Practice an awakening journey that leads to personal discovery.
I began my yoga “journey” in the summer of 1972. I was 12 years old then. I was 7 when I had my first taste of meditation. I am so grateful that these things came to me when they did.
These were seeds that were planted and that grew and bloomed in ways I could never have imagined, and the timing of each was precise-precision. It seems like a lifetime ago, and yet the richness and splendor of the yoga is ever renewing in my life just as it always has. As with life itself, all of the beginning and ending and beginning again that life is, is yoga.
Yoga was (and is) always there—a part of me—reminding me of who I am and the beauty of life in all of its forms and turns. Even when it’s not pretty. Even when it was so dark and so painful, didn’t even know if I could breathe again. Yoga was a way for me to go to those places in myself as well. I’ve had great teachers. I’ve learned the value of re-defining things, never taking someone (anyone) else’s word for it, and to explore, discover and discern life, living, yoga and spirituality in my own way. I’ve always known that this was the only way for me—to find the truth of it for myself—alive, authentic, real, sustaining and meaningful for me.
On the surface (it’s all on the surface), but there is so much more there than what you might think. The deepest teachings of yoga are all there—on the mat and off, “hidden in plain sight” (Dr. Douglas Brooks). Everything is present. Everything you want to know is all right here, “hidden in plain sight.” But until you have eyes to see it, and until you look for it, it will remain hidden. You can find talks and classes on the deeper meanings and teachings of yoga, but the truth is, we can only really hint at these things—plant the seeds—because each of us must find it in our own way. It has to be personal to be real and meaningful and authentic, otherwise we’re just repeating what we heard, believing what we’re told to believe and never once asking the question of the only one that can answer truthfully…our very Selves.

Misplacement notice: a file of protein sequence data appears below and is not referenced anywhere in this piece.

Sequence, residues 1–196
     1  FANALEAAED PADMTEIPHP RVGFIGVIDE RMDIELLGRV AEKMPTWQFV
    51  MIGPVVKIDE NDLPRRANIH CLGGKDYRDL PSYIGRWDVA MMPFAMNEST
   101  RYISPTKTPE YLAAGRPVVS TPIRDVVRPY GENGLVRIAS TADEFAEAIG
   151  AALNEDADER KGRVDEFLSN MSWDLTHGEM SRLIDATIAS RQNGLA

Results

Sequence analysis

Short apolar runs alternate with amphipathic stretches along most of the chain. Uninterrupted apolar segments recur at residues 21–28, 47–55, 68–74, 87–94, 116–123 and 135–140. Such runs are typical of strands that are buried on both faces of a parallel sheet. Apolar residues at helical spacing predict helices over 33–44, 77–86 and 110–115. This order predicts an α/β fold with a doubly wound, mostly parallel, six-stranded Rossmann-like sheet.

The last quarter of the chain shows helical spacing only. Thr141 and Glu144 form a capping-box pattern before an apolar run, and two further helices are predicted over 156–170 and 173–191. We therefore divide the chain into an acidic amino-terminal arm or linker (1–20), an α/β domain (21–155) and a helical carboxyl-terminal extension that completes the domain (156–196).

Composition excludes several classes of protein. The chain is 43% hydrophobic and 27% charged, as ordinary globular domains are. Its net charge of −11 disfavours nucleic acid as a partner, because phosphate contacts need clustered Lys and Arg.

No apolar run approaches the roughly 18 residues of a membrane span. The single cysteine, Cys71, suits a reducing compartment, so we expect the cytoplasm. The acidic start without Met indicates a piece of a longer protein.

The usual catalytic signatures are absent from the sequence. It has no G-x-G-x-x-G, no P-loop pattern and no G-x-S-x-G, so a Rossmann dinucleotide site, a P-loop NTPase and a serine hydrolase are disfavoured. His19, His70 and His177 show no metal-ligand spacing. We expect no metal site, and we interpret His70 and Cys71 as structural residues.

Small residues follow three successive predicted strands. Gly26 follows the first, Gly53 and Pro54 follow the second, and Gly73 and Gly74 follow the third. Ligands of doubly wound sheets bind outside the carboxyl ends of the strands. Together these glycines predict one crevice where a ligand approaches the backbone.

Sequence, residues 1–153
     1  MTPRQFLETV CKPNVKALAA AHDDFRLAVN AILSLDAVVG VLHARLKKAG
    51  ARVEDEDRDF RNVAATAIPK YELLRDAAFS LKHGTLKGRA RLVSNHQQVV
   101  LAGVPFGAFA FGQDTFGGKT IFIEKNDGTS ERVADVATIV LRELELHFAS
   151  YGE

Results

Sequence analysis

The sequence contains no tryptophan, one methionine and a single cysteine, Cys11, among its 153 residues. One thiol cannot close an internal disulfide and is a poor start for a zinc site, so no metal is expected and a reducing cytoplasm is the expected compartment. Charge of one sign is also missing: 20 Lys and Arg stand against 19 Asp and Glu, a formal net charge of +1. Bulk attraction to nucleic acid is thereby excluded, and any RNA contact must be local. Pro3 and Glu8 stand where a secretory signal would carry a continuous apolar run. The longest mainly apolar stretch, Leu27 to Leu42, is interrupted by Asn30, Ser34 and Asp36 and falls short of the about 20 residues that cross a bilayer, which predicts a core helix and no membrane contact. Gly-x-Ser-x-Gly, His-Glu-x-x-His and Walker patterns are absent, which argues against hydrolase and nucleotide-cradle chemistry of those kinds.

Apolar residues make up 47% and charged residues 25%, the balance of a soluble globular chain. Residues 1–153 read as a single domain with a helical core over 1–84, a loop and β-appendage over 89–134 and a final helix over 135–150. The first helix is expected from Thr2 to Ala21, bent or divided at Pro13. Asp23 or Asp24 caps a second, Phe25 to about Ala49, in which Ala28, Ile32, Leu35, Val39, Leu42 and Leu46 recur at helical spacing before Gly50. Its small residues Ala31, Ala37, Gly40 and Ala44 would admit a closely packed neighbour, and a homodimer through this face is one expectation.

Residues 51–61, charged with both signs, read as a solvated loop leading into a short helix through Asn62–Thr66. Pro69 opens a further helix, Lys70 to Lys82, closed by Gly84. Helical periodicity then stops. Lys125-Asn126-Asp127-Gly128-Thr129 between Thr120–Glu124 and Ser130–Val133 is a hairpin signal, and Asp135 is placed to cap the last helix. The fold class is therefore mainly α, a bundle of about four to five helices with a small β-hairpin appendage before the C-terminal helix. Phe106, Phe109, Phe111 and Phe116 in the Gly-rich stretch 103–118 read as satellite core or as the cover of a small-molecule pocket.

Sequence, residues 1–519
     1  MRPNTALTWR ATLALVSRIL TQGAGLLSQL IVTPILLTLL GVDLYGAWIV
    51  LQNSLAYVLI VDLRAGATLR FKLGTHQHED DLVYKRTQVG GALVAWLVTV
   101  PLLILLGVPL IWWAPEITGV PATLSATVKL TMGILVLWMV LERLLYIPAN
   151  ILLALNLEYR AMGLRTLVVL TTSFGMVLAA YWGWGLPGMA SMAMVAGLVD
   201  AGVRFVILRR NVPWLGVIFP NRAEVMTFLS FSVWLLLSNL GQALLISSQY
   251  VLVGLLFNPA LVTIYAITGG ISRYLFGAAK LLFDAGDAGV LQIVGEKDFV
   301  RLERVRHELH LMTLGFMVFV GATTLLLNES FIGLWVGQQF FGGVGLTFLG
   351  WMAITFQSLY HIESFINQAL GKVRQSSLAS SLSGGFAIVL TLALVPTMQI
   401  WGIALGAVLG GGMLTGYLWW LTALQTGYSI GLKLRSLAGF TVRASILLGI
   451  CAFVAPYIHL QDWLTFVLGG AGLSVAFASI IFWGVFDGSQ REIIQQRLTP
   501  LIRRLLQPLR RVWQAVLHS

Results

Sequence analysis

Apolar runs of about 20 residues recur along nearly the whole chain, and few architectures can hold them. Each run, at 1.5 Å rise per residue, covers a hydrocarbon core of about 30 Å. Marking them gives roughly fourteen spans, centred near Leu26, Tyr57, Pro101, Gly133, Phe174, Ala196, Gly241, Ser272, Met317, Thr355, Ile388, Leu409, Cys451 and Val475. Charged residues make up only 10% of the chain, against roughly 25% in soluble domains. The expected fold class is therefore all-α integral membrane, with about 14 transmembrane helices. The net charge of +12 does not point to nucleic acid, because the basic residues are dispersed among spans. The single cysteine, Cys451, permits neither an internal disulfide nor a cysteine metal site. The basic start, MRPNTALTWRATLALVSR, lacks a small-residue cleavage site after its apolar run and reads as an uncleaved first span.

Practicing yoga makes us stronger and more flexible. It promotes health and well being. It clears our minds and our hearts. It teaches us healthy ways to deal with—and see—stress and tension (good and bad). It teaches us to find the balance of effort and surrender; to stay at ease in our hearts and minds. And to be in a room full of people—all practicing together—moving and breathing together, like birds flying in formation across the sky, with only the breath and the air to guide them. Sublime!
But if you scratch the surface, the practice of yoga asana begins to wind and unwind us. It opens places inside of us that are closed or hidden. It releases things that we have been holding onto, and that seem to have been holding on to us. What are the tapes that we play (that were played for us—and that we keep playing over and over again like the song that once had meaning)? And what is true now? The practice of yoga gives us the format and the opportunity to explore—to see and discern—what is inside of us. All of it. We learn to be with ourselves, as we are, and then to be with everything as it is. We see past the parts that we play, into what is real and true and meaningful. Who are we really? We are the light and the shadow. There can’t be one without the other. And when we know what is truly ours, no one, no thing, can ever take it away from us.
I love being on my mat and teaching— living my yoga—because I know that it’s tilling the soil and planting seeds. It reminds me of what’s precious, meaningful and beautiful in life. It keeps me tapped into that, no matter what. It reminds me of what’s most important. It’s not just a thing that I do. It teaches me to see and accept things as they are, not just how I want them to be. It helps me to keep my eyes, my mind and my heart open, no matter what. It reminds me, forever and always, that life is for the living. And that’s what the world needs most—people that are awake, alive and really, truly living.
Raye Lynn Rath is the owner of The Yoga Institute in Houston and the Bay Area, co-owner of Sacred Art Yoga; Teacher Training, Workshops and Retreats (with Becky Jordan) and ambassador for Lululemon Athletica in Highland Village. She welcomes beginning and seasoned students to her studio. Teacher Training, Advanced Studies, Workshops, Events and Retreats are offered throughout the year. More information is available at her websites: www.yogainstitute.com and www.sacredartyoga.com